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What’s so important about a name?

Are we perhaps obsessed with naming stuff?

It makes sense for important things like people and places. They can be a good way to clarify who or where you’re talking about. Although knowing about half a million people named Sarah or Tom is not all that helpful sometimes either.

And don’t even get me started on people who give directions by mentioning the names of old buildings and houses which don’t even exist anymore. Those names aren’t going to pop up in my GPS system, so I’ll probably never find my destination.

In 2016, Britain’s National Environmental Research Council (NERC) ran an online contest to name their new research ship. They let people send in suggestions and then vote on which they liked the best.

The winner by an absurdly large margin was “RRS Boaty McBoatface.” If you think that’s dumb, please note that the fifth place winner was “RRS It’s bloody cold here.” (Though I suppose that name is somewhat apt as the ship will be used for expeditions in Antarctica.)

In the end, however, NERC decided to give the nautical vessel a more respectable name, “RRS Sir David Attenborough,” even though that one landed fourth place on the poll. As a compromise, they named one of the ship’s submarines “Boaty McBoatface” instead.

Personally, I think “Subby McSubface” might have been a more accurate designation for a submersible vessel, but I’m not the one in charge of these things.

Nothing is immune from our need to name things. Yes, that even includes the weather. Hurricanes and tropical storms have been given names for decades. According to the National Oceanic and Atmospheric Administration (NOAA) and the National Weather Service (NWS), this began as a way to avoid confusion when more than one storm developed in the ocean.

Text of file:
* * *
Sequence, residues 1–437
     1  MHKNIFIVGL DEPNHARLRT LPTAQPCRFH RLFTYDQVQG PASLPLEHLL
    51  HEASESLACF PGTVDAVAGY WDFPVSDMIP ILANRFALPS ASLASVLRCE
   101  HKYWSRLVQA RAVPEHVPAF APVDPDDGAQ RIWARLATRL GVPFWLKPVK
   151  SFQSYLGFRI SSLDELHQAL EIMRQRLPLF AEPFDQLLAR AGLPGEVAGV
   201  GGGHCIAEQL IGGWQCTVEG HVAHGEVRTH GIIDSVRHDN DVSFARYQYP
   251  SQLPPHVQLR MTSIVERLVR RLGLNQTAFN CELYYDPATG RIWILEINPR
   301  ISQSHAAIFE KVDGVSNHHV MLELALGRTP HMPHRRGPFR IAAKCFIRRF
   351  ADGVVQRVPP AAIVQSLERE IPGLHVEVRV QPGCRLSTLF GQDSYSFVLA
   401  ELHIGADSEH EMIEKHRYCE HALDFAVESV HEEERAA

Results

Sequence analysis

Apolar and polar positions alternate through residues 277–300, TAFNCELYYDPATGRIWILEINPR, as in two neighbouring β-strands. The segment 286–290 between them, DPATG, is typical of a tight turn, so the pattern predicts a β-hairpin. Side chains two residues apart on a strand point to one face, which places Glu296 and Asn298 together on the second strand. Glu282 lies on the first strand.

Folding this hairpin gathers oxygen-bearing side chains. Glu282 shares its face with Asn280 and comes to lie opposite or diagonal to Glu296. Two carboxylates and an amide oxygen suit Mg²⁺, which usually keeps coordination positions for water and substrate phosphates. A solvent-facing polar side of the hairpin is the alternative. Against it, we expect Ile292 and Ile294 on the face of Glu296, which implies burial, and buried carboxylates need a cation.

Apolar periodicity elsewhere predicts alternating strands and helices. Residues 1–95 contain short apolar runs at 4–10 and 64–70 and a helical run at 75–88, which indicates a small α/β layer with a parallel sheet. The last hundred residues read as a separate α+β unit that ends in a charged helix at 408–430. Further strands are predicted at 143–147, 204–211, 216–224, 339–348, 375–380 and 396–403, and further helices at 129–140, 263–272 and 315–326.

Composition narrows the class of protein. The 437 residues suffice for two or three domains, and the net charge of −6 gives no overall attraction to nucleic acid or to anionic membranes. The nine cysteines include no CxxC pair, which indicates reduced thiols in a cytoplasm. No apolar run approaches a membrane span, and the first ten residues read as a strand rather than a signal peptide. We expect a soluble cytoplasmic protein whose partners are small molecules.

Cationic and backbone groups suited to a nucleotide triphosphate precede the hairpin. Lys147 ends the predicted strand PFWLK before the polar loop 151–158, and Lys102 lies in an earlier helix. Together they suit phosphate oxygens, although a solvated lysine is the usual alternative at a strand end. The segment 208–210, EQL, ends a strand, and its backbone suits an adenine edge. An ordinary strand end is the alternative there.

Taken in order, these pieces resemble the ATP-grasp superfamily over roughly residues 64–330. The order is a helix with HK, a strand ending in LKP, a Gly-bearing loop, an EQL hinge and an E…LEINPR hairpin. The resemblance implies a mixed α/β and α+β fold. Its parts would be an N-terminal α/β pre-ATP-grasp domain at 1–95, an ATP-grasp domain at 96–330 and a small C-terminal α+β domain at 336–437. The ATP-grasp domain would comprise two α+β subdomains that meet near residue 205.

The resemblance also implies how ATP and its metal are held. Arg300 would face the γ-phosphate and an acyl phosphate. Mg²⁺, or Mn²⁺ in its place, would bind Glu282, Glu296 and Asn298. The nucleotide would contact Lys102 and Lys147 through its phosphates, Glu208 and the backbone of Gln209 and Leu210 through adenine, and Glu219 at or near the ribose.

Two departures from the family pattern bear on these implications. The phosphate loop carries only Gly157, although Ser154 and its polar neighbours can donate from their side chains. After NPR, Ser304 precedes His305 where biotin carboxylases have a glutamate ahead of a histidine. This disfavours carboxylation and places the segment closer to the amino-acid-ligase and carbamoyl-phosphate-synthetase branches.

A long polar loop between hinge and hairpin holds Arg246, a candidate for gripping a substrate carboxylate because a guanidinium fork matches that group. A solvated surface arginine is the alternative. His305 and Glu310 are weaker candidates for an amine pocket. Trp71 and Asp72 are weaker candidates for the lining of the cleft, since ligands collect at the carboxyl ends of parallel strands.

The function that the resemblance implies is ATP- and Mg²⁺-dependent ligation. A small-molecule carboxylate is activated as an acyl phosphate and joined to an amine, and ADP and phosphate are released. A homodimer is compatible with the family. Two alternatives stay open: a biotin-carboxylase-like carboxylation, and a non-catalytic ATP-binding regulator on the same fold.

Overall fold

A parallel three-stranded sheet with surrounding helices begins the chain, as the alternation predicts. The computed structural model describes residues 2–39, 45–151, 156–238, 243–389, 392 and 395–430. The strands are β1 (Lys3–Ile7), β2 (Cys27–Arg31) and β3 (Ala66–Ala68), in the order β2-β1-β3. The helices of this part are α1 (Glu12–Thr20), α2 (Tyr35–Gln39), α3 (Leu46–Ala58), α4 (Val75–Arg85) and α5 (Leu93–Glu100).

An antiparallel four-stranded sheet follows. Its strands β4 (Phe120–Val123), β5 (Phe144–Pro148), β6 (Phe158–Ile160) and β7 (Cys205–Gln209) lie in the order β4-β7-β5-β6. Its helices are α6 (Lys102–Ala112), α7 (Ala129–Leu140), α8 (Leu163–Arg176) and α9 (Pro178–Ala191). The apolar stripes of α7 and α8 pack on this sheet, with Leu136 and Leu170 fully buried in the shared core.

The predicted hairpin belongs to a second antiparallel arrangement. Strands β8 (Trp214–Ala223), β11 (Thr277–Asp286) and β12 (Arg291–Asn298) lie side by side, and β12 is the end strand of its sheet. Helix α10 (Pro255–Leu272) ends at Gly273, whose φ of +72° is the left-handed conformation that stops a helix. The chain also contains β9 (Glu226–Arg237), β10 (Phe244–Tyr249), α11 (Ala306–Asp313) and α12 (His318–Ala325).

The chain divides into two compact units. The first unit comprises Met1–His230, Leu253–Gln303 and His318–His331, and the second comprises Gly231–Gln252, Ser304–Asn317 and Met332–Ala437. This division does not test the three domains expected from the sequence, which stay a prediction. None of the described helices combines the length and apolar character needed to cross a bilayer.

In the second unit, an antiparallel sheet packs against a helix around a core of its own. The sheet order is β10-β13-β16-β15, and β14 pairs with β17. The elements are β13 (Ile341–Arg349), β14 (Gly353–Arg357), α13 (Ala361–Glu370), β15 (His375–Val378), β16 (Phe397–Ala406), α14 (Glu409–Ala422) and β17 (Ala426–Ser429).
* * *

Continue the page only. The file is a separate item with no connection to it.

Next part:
“In the past, confusion and false rumors have arisen when storm advisories broadcast from radio stations were mistaken for warnings concerning an entirely different storm located hundreds of miles away,” says the National Hurricane Center website.

That makes sense, though perhaps it’s not as necessary these days when we can just check our phones to see if a storm is nearby or on the other side of the Atlantic.

I can accept naming hurricanes because it’s a practice that’s been in place decades before I was born, and the names really do help people remember them better.

But giving a name to a snow storm? That seems like a bridge too far.

The Weather Channel has been trying to get that trend started since about 2012. They even have a fancy committee of meteorologists to determine if the winter storm will impact enough people to deserve a name.

They called the storm which rolled through our area on January 4, “Grayson,” and the one that followed behind two weeks later is “Inga.”

I have no idea how the Weather Channel picks which names to use, but I do know future names for this winter season include “Jaxon,” “Mateo,” “Uma,” and “Xanto.” Past seasons have had names like “Athena” and “Xerxes.”

Critics have described their name list as being “overly trendy.”

For the record, NWS and NOAA don’t acknowledge the Weather Channel’s winter storm names and they actively discourage people from using them. Why?

Because, among other reasons, they can cause confusion.

Yeah, my head is spinning right now just thinking about all this. Where do we draw the line on naming stuff?

Maybe we should have just listened to Juliet from Shakespeare’s famous play about doomed romances.

“What’s in a name? That which we call a rose by any other word would smell as sweet.”

In other words: who cares?

 

Holly Taylor is a Staff Writer for Roanoke-Chowan Publications. Contact her at holly.taylor@r-cnews.com or by phone at 252-332-7206.